Is Intel committed to Meego? It's "hard to say"

And here is the second and final part of this year’s Top of The Cebit Pops, how very exciting!

Get ready to boogie, swing and obscenely move your pelvis about new products from the ITC industry! Well, actually not, as there simply is not all that much to lose one’s head over.

TechEye managed to talk to AMD and Intel in Hangover sorry Hannover and see what stuff was coming up. This year it was decided Meego would be an interesting topic so we decided to have a chat with Intel’s Peter Biddle, a rather likeable chap who heads Chipzilla’s AppUp department.

Biddle confirmed Meego products were up-and coming, although no tablets were on display apart from the WeTab no one wants to use. However, Asus has officially announced a Meego netbook, confirming the rumours that birds were chirping last week.

Asked about Intel’s commitment to Meego, Biddle stated it was hard to say Intel was totally 100 percent committed for the next few years. Nonetheless, telcos want a third platform and ecosystem, one over which they can exercise control. Intel is trying to fulfill that desire, after all no operator wants to stay a dumb pipe for Android and iOS devices, where other companies harvest the money.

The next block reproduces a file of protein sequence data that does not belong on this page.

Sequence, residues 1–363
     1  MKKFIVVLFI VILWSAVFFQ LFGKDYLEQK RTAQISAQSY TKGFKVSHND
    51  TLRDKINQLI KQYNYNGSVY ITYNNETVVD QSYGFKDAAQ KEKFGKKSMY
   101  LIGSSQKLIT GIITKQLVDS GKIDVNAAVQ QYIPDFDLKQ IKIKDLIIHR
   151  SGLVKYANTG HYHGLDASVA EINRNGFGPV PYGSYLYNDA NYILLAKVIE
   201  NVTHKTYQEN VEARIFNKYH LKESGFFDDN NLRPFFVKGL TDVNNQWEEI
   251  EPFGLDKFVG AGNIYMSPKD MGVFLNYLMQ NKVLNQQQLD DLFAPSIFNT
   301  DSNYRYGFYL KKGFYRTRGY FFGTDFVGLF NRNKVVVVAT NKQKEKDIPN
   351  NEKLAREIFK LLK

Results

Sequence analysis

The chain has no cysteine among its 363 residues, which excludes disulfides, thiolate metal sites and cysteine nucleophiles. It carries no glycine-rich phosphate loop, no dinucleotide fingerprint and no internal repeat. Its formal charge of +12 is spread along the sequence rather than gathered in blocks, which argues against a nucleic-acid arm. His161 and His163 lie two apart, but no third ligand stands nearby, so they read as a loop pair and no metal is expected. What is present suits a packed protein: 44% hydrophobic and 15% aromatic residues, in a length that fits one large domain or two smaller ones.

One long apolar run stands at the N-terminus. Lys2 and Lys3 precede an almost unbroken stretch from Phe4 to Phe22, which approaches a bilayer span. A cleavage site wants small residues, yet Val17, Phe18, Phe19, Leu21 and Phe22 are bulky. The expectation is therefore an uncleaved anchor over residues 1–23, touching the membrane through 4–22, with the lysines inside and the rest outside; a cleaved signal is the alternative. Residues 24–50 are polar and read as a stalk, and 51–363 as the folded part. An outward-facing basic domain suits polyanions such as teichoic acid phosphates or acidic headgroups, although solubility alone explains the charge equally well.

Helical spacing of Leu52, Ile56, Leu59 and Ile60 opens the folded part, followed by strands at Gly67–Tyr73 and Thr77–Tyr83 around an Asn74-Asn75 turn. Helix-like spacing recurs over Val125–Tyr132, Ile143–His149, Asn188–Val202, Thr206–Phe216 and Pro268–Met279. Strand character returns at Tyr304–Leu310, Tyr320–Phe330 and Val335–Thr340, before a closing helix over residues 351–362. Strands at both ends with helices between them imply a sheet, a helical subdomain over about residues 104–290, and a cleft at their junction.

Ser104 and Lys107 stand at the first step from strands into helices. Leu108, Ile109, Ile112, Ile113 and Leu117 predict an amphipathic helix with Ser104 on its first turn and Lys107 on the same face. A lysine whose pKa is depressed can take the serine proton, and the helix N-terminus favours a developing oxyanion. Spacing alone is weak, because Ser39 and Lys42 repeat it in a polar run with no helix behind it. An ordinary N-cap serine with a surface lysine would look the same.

Biddle also claimed Intel were chock-full of “bruisers”, in the sense that the company’s staff would be happy to fight its way into a market where they have zero percent market share.

Operators will indeed be happy if Intel can deliver them a turn-key approach to create their own app stores and ecosystems, but who says Intel won’t apply the thumbscrews later on? Chipzilla is, after all, not a benevolent entity, but one that’s interested in its bottom line.

An interesting product was being showcased by Telecom Italia, namely its Meego-based, Atom-powered telly-over-IP unit dubbed Cubovision. Cubovision combines a DVB-T decoder, pay-per-view and WebTV. Users can also upload content to an internal 500GB HDD. The GUI ran nice and swift, everything was utterly hassle-free, apart from a tad bit of buffer time for streaming a HD movie from a server in Italy

Telecom Italia Cubovision

It remainds to be seen if Intel can entice more and more hardware partners to churn Meego out into various markets, especially tablets.

Nokia’s move to Windows Phone 7 was a major setback, and only time will tell if Intel can utilise its huge resources to recuperate, or if Meego will go down the yellow brick WiMAX route.

AMD’s John Taylor showed off Llano running on a prototype notebook with prototype drivers next to an Intel Sandybook and showed how its APU was far better in terms of graphics and had better wattage than its competitor, while admitting Sandybridge can’t be beaten if one has to work with Excel.

To cut it short, rather boring, if not sad. Sad indeed was AMD’s explaining it would take it until next year to scale Fusion down to processes that will allow the tech to be used in pancake-thin tablets, sans passive cooling with a vent.

Despite lagging in the tablet arena, Fusion is gaining traction in the netbook arena.

This certainly is a good thing for consumers, as they will be able to choose between various systems. If one is on the prowl for a capable netbook, a Zacate-powered unit is certainly an excellent option. Things will get even better as soon as Bobcat’s big brother Llano hits the market.